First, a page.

Travel News this month inducted Bill Marriott, son of Marriott International
founder J. Willard Marriott, Sr., into the Business Travel Hall of Fame. Prior
to his induction, the current executive chairman of the hotel company's board
spoke with BTN hotel editor Michael B. Baker about his outlook for the industry
and his perspective from more than a half century in the business.
What is the outlook for the hotel industry next year?
We're all somewhat concerned about this fiscal cliff situation, what that really means and how much the taxes are going to go up. What's the government going to do about the deficit and deficit ceiling, and are we going to have a country that continues to be the leader of the world, or are we going to go into second or third place? These questions are weighing Corporate America as to how they invest their dollars and whether they invest or not. You can't bring your money back from overseas without paying a huge tax on it. Companies are sitting on a lot of money overseas they'd like to invest in America, but as long as they have to pay a big tax to bring it back, they're not doing it. These are the concerns we have about the economy. We see housing picking up, which is good, and employment will pick up as housing picks up. We're seeing manufacturing improve in China, and they're feeling better about their economy. 2013 is going to be pretty good. It's going to be probably about the same as this year in terms of GDP growth. Lack of supply in the United States is going to be a big driver of revenue per available room night in this country. Very few hotels are being built, and occupancies are back where they were in 2007. They're not quite back, but they're close. There's been a growth in cost. We're paying more for housekeepers today than in 2007, and more for everything else, so margins are going to be a little tighter than 2007 but we're looking to come back pretty good in 2013.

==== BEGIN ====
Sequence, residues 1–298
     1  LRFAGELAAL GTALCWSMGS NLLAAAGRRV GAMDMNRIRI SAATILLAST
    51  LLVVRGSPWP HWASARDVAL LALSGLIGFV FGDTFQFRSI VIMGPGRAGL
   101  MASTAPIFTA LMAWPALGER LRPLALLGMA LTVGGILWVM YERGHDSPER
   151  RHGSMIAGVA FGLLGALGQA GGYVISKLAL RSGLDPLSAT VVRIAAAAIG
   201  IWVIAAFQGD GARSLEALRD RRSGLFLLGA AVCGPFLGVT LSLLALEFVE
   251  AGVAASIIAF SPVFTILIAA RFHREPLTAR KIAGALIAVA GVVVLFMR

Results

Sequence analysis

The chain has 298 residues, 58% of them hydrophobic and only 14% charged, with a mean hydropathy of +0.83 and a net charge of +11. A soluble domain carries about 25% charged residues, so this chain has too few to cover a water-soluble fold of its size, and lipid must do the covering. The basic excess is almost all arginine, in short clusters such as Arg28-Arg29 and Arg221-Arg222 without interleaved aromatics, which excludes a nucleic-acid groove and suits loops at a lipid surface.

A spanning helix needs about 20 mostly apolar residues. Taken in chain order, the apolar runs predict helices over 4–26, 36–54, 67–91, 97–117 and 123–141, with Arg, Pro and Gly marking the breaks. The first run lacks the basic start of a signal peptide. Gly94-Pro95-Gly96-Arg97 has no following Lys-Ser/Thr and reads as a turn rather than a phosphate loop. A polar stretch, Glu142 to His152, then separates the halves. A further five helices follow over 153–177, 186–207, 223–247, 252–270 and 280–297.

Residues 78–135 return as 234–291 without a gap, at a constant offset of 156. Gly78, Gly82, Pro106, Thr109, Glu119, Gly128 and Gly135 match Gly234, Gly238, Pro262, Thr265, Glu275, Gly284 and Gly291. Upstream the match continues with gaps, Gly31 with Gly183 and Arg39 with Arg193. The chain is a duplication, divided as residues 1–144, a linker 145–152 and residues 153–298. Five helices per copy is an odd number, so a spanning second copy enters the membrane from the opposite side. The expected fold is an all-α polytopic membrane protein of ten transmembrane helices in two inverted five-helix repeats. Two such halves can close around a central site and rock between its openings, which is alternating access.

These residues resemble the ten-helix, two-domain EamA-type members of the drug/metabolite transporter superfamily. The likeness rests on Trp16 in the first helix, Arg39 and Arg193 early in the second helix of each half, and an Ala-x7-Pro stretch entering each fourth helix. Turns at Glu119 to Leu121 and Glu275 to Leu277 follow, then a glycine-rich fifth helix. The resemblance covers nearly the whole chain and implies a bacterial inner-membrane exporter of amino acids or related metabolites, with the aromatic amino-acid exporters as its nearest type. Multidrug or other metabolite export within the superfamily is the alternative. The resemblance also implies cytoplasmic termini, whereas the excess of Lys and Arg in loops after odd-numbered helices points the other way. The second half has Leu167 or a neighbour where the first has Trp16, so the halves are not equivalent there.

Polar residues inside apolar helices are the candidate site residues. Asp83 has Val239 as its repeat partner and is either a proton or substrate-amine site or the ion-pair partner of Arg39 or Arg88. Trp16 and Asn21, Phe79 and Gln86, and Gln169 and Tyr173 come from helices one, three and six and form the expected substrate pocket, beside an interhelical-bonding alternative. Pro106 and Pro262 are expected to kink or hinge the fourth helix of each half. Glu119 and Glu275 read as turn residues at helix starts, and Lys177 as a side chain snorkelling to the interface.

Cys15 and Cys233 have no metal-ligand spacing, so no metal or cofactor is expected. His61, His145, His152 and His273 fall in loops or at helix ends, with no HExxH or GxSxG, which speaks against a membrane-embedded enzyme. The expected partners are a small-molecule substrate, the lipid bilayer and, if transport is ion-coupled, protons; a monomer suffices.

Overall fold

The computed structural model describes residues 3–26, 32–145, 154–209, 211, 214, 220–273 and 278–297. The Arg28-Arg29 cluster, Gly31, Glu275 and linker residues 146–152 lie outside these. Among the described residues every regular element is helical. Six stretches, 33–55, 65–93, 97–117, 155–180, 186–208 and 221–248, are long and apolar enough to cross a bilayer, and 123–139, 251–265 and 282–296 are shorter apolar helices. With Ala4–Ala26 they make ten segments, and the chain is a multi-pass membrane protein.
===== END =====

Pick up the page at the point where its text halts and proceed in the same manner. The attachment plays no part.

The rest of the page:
How about the long-term?
There's going to be a lot more travel and a lot more international travel. You see a tremendous number of travelers coming out of China, more out of India and Brazil and developing countries with a developing middle class who want to travel and want to travel the world. The international travel scene is going to explode, and the efforts we're making in the United States to attract global travel are extremely important. The efforts to grow world travel is such a wonderful thing for people to visit countries and understand their culture and understand more about life in other countries. They broaden their base, increase their education, and they're more tolerant and understanding. They think globally instead of just what's going on in their own backyard.
What’s Marriott's focus in terms of technology right now?
Everybody wants to go mobile, and we're all scrambling to be able to take care of our guests and their mobile devices and give them the kind of service they'd expect. It's a costly but very important thing to do. That's going to be very important. We've got the broadband bandwidth in our hotel. We have to service their technology and give them access to the Internet. For them to check in from their car with their mobile device ... we're working on that. And a lot of other technology that will improve their stay. The most important thing of all is the people on the other end when they get there: there's someone there to greet them and help them with their needs.
What's the path from a single hotel to one of the largest multibrand hotel companies in the world?